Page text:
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MIAMI _ Thee armor is on. The best baseball player of this generation has put on his jersey, put in his earring and put up his shield. So when you ask Barry Bonds about the perception of him as a jerk, his response comes slamming down before you like metal bars.
``I don't care, man,'' Bonds says, then pronounces each word slowly. ``I ... DO ... NOT ... CARE.''
This is reflex, of course. It's just like ducking or flinching or any of the other things people do to avoid being hurt. In Bonds' case, it's something else, too. It's a lie.
You don't realize this until an hour into the conversation, when Bonds finally lets you look inside. He tells you how alone he feels sometimes, even in a locker room full of teammates. He tells you about the times crying in hotel rooms, wondering if he should just quit. He tells you the only way he could improve his image is by dying, and it's then that you understand the truth:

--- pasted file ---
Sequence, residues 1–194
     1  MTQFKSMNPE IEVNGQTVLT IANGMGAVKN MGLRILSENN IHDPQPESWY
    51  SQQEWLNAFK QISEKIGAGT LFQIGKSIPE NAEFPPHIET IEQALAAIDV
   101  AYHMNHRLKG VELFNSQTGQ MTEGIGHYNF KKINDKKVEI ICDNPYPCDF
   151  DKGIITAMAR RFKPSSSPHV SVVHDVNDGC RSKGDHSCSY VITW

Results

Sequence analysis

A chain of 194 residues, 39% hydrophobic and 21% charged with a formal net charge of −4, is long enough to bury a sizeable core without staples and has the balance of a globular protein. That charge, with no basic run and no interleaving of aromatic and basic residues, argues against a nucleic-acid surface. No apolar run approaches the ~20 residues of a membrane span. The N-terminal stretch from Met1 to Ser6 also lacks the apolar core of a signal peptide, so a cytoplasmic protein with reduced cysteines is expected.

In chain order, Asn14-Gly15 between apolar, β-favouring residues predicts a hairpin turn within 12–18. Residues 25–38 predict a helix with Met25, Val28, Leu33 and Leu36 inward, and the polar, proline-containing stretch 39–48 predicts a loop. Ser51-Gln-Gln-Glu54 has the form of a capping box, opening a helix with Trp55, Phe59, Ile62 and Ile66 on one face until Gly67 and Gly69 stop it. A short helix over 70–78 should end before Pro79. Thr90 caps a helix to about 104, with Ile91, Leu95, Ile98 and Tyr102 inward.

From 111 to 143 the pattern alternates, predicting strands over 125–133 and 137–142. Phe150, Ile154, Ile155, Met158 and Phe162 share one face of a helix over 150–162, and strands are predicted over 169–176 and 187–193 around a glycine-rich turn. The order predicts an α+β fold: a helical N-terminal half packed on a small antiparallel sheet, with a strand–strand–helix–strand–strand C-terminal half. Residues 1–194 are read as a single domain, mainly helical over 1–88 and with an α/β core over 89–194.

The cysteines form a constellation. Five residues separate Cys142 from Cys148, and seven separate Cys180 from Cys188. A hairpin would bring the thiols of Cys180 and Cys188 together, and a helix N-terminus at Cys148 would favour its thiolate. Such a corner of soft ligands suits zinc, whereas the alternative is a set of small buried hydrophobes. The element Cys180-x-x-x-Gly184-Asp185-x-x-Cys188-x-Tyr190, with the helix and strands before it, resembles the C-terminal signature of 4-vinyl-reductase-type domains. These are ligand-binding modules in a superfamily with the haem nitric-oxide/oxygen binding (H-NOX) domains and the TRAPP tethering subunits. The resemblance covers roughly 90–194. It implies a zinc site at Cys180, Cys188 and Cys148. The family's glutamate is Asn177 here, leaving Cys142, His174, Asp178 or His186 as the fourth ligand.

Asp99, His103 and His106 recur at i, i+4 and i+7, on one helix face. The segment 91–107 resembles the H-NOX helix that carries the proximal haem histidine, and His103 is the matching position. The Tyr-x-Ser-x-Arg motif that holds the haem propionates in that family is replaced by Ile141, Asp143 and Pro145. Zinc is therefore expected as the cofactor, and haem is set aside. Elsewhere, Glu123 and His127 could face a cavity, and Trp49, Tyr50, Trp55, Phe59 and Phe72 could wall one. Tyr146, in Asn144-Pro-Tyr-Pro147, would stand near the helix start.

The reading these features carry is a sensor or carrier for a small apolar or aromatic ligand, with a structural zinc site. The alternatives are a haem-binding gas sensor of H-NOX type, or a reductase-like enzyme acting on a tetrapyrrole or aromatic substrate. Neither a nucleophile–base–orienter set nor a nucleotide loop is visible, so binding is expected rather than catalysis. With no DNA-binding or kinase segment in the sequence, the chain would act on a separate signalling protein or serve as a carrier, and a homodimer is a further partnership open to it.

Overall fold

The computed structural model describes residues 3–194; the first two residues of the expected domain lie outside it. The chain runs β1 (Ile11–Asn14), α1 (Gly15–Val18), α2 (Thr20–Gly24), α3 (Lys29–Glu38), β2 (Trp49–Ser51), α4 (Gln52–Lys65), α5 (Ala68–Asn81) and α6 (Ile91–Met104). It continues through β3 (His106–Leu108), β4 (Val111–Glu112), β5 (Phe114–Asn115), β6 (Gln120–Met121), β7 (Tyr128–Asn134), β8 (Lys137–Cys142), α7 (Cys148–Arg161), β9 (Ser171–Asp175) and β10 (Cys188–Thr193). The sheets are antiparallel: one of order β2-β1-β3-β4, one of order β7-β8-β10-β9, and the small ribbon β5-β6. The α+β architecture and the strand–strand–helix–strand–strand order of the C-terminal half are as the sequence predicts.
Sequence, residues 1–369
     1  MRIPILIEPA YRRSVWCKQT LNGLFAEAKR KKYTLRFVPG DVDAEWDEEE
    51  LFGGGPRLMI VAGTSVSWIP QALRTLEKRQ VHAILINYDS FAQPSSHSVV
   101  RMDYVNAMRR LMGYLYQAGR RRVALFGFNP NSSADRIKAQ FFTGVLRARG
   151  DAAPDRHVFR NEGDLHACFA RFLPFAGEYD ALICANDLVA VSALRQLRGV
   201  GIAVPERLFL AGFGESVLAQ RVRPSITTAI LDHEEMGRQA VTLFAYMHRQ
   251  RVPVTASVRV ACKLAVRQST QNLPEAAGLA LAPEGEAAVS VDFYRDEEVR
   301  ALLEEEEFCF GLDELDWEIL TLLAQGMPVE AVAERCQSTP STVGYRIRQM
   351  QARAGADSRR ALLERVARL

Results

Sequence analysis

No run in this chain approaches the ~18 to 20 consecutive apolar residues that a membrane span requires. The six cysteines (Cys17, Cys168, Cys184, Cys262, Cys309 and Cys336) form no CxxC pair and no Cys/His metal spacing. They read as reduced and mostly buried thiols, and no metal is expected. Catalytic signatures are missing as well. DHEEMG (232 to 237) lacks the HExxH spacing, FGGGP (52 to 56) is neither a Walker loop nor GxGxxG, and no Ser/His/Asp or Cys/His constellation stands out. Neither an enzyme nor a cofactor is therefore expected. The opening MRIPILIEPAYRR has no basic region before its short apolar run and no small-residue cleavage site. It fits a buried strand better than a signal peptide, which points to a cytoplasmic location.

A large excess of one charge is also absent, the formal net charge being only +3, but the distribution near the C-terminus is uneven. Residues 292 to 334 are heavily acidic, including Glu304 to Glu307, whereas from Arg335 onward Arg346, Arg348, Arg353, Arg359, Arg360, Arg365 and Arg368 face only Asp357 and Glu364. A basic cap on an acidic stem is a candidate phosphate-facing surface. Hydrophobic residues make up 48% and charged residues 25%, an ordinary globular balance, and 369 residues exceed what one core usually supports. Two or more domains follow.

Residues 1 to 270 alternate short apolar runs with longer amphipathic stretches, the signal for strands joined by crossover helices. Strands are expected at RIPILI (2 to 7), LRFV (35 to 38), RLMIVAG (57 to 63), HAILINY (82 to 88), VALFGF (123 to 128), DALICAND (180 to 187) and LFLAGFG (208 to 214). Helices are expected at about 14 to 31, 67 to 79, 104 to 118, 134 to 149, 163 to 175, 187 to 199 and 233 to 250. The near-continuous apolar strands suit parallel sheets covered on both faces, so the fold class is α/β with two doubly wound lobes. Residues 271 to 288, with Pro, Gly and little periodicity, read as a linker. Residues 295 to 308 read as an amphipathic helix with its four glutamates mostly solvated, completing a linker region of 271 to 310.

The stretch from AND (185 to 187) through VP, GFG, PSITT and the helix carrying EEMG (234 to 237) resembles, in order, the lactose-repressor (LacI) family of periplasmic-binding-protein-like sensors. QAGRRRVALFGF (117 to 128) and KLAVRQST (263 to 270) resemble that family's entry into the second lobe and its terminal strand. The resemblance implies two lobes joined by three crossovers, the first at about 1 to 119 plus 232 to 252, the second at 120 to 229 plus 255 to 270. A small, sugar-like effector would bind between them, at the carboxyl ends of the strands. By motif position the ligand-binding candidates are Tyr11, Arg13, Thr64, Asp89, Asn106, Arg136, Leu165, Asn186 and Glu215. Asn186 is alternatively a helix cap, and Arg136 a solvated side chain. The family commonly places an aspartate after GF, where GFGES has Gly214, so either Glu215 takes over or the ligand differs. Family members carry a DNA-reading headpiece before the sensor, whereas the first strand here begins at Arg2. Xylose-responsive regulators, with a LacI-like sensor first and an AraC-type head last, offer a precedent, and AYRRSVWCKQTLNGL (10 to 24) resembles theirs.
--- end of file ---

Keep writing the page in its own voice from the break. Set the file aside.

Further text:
Barry Bonds cares, man. He CARES ... VERY ... MUCH.
``I just start laughing,'' Bonds says instinctively when asked how it feels to be ripped in the papers or see ESPN playing his hot-dogging mistake again and again. The thought of a man laughing at national ridicule doesn't sound human, never mind plausible, but Bonds punctuates his point with his index finger.
``You see that light switch over there,'' he says. ``That's me. I turn my emotions on and off. Click. Turn it on. Click. Turn it off. It's like any pain. If you scratch your arm, you can put on a Band-Aid and keep living or you can sit there crying. I …